Curry is the food of choice for over a billion people in the world every day. Maybe two billion! Each one of us has our own method of cooking curry… here are some of my own personal ways, methods and top tips.

Brendan Fernandes, Founder, Healthy Supplies

Use whole spices, freshly ground

Whole spices last much longer than ready-ground spices, because the flavoursome oils within each spice are protected by the outer shell of the seed.

For best results, grind finely in a mortar and pestle. You can optionally roast the spices in a pan, but it’s not strictly necessary as the spices will always release their flavours during normal cooking if cooked correctly.

Use pepper as well as chilli

Authentic Indian cuisine uses pepper, rather than chilli, to add heat to curries. Chillies were a relatively recent introduction to Indian cuisine, originally being a native plant of the Americas.

Chillies are, of course, nowadays commonly used throughout India, and most modern curries have both chillies and pepper. Both ingredients add their own individual flavour to the dish.

Know your thickeners

Most of my curries are tomato-based, and the traditional way to cook a tomato-based curry is to use tomato puree. Fresh tomatoes are too liquidy, and tomato puree has a flavour all of its own that really adds to the curry.

I usually add a tablespoon of ground coriander at the end, which helps to absorb any excess liquid in a flavoursome manner.

I usually avoid using dairy cream – it’s easy to get wrong and isn’t used much in traditional curry recipes. On the other hand, creamed coconut works quite well for a nice creamy texture.

Lentils another great way of adding texture to a curry. They cook in around 20 minutes and can be added to the curry along with the water before allowing to simmer. If you are using a pressure cooker, you can add more ambitious pulses such as chick peas which would otherwise take hours to cook. Which leads me onto…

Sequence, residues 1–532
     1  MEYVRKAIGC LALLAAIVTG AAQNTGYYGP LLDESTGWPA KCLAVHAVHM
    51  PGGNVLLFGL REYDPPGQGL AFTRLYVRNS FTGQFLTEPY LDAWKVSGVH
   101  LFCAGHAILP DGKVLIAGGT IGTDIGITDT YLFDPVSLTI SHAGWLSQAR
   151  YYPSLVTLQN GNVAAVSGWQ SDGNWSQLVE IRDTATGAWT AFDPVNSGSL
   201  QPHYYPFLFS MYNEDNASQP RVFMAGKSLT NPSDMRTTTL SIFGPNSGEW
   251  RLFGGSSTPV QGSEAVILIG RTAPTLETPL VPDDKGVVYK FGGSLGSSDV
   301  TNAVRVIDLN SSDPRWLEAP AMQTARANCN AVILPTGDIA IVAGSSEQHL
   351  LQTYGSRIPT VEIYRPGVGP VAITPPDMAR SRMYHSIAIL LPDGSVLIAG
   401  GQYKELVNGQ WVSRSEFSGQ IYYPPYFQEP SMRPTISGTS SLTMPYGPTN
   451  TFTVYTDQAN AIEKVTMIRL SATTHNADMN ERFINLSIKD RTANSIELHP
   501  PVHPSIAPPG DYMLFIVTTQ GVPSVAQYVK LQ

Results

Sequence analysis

Use a pressure cooker (via

Pressure-cooking is the most under-rated food preparation method ever! They are very popular in India, reducing cooking times by a factor of around 3 in most cases. They are ideal for softening hard foods such as pulses; lentils will typically take 5-10 minutes, and chickpeas around half an hour from raw. Meats typically cook in half an hour and just fall off the bone.

Pressure-cooking is fuel-efficient, safe and works for rice as well as curry.

Fry the onions first (via

Browning, or caramelising, the onions helps to release the natural sugars within the onion. This also applies to garlic. The other ingredients will simply get burnt if you add them at the same time, so it’s best to fry the onions and garlic before everything else.

If you like to roast spices before grinding, it’s better to do them in a separate pan.

Steam the rice

Many people have trouble cooking lovely, fluffy rice. The trick is to only just cover the rice with water, to use a pan with a tight-fitting lid, and to bring the water to a simmer before allowing to steam gently.

There will be no need to drain the rice if this is performed optimally.

See our guide here for more info.

Cheating is ok

Curry pastes have gotten good recently. If you are pushed for time, and you choose the right paste carefully, then you can get very good results with minimal effort.

Also, a dash of ketchup can really lift a curry. Don’t tell anyone I said this though!

Let it cook for as long as possible.

Simmering a curry allows time for the flavours to infuse; a long, slow simmering time generally produces the best curry. Flavours will continue to infuse even when the curry is taken off the heat, so do allow time for the curry to “rest” and cool down before serving.

However, if you need curry in a hurry, then you can use a pressure cooker (see above) which provides the same effect as simmering. Do still allow the curry to rest for a little before serving, for ideal results.

Don't overcomplicate the spices

The main spices used in Indian cooking are: coriander, cumin, pepper, cassia, cloves, cardamom, bay leaf and star anise. This mix is known as garam masala.

Many recipes call for turmeric, saffron, curry leaves and so on, but a lot of the time these simply overcomplicate the flavour.

I usually stick to the basics, perhaps garam masala with a dash of tamarind and a few chillies. A spoonful of turmeric is great for colouring the rice yellow, but I don’t tend to put it in the main curry.

Don't be a slave to the recipe books

Recipe books are written by people who write recipe books for a living. The combinations of spices listed can often be arbitrary; in reality, most Indian cookery is performed using whichever spices are to be found at hand.

Don’t be afraid to go “off-piste” and experiment! Nobody is an authority on the “correct” blend of spices for any particular Indian recipe; they are all traditional. Let your taste buds – and your family and friends – be the judge!